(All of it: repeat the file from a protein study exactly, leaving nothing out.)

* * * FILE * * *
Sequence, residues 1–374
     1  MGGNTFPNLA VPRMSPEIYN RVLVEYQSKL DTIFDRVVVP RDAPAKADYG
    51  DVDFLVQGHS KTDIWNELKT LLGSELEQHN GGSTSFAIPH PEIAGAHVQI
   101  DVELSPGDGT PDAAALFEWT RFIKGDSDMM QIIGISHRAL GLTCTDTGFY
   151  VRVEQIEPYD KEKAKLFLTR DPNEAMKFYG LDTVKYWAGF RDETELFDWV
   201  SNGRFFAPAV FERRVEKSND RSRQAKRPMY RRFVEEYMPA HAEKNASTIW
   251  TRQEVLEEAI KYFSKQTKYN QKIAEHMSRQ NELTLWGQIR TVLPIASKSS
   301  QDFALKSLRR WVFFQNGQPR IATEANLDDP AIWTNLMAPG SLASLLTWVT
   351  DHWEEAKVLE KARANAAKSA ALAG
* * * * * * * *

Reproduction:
Sequence, residues 1–374
     1  MGGNTFPNLA VPRMSPEIYN RVLVEYQSKL DTIFDRVVVP RDAPAKADYG
    51  DVDFLVQGHS KTDIWNELKT LLGSELEQHN GGSTSFAIPH PEIAGAHVQI
   101  DVELSPGDGT PDAAALFEWT RFIKGDSDMM QIIGISHRAL GLTCTDTGFY
   151  VRVEQIEPYD KEKAKLFLTR DPNEAMKFYG LDTVKYWAGF RDETELFDWV
   201  SNGRFFAPAV FERRVEKSND RSRQAKRPMY RRFVEEYMPA HAEKNASTIW
   251  TRQEVLEEAI KYFSKQTKYN QKIAEHMSRQ NELTLWGQIR TVLPIASKSS
   301  QDFALKSLRR WVFFQNGQPR IATEANLDDP AIWTNLMAPG SLASLLTWVT
   351  DHWEEAKVLE KARANAAKSA ALAG